There are multiple ways of using the sharing economy to your and your customers’ advantage, but execution is everything. Let’s examine a best-in-class example.

Patagonia As a Blueprint for Sharing

As a benefit corporation, high-end outdoor clothing brand Patagonia is known for its environmental activism and sustainable manufacturing and sourcing policies, and is one of the top brands using the sharing economy to benefit both the brand and customers by demonstrating how both live their values.

1. Loyalty With Added Value

Patagonia customers are loyal to the brand because of these shared values, and are rewarded through Patagonia’s Common Threads partnership with eBay, which allows customers to more efficiently re-sell their Patagonia clothing and minimize their environmental impact. Patagonia’s Common Threads partnership with eBay demonstrates that the brand not only cares about these values in its own practices, but is also consistently sharing the values of their consumers.

2. Improved Brand Perception

Patagonia’s dedication to the sharing economy practices of recycling, reusing, and repairing its merchandise has done more to generate positive brand perception than flashy displays or clever marketing. Patagonia has a long history of donating 1% of their annual sales to environmental organizations and charities, and in 2013, launched their $20 Million and Change fund, which invests in start-ups doing something positive for the environment. Patagonia’s promotion of re-using its products also speaks to the brand’s durable quality. As Patagonia’s actions and values continue to align and generate positive brand perception, strong word-of-mouth affords the brand the luxury of spending less than 1% of sales on marketing and advertising.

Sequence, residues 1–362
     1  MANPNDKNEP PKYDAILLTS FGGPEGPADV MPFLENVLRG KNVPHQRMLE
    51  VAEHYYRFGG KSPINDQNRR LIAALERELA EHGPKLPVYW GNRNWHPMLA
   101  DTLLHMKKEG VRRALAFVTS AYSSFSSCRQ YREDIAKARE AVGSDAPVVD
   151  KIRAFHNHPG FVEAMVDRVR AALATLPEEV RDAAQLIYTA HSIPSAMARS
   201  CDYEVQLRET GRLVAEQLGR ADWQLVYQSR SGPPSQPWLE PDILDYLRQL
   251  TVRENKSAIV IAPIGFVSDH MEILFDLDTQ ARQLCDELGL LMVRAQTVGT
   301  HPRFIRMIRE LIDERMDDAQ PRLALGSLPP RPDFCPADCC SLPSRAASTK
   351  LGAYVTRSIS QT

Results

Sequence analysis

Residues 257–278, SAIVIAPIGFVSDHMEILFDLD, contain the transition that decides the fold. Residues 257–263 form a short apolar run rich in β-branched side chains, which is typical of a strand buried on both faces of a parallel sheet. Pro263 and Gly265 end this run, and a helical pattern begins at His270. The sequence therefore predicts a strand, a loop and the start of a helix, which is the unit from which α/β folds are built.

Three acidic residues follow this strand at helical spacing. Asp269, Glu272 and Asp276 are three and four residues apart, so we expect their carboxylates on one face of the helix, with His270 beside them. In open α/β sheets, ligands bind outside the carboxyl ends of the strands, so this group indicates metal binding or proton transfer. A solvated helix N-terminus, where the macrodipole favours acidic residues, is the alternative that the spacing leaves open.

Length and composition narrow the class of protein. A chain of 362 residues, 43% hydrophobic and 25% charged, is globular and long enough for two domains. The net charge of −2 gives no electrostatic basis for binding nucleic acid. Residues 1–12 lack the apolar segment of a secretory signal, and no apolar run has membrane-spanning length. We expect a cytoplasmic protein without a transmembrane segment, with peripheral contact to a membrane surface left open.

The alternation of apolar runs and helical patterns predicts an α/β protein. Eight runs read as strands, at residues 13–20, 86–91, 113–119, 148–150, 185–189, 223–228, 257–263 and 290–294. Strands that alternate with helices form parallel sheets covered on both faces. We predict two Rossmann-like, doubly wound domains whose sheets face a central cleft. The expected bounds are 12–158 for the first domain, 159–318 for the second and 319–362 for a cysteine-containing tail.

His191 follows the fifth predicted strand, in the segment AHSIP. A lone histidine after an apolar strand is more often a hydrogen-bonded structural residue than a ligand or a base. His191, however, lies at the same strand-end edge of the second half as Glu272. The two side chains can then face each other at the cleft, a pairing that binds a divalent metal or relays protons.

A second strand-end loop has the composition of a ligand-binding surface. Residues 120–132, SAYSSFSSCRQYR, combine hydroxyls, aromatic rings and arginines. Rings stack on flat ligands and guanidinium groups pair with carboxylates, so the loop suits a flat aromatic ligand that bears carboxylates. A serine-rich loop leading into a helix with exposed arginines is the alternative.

3. Increased Sales

Who can forget the memorable “Don’t Buy This Jacket” advertisement Patagonia put out on a recent Black Friday? The advertisement encouraged new and existing customers alike to reflect on what they truly need before buying from Patagonia or another store. Such messaging did not deter customers—in fact, sales increased and fourteen new stores were opened soon after as more customers connected with Patagonia’s stance on sustainability.

Join the Sharing Economy Party

More brands and retailers are forming partnerships with secondhand markets and peer-to-peer start-ups to bring renewed value to consumers. Patagonia’s partnership with Yerdle, a mobile app-based online marketplace to share used goods, circulated pre-worn Patagonia clothing through the marketplace and inspired more consumers to add their own Patagonia goods and share other items. IKEA’s Virtual Flea Market, which was set up to promote IKEA’s new catalogue in 2013, helped customers sell their used furniture.

Between 2013 and 2014, there was a 46% growth in the sharing of used goods, and this number is expected to grow. The sharing economy is not a trend. As a retailer, brand, or manufacturer, what are you doing today to use the sharing economy to your advantage?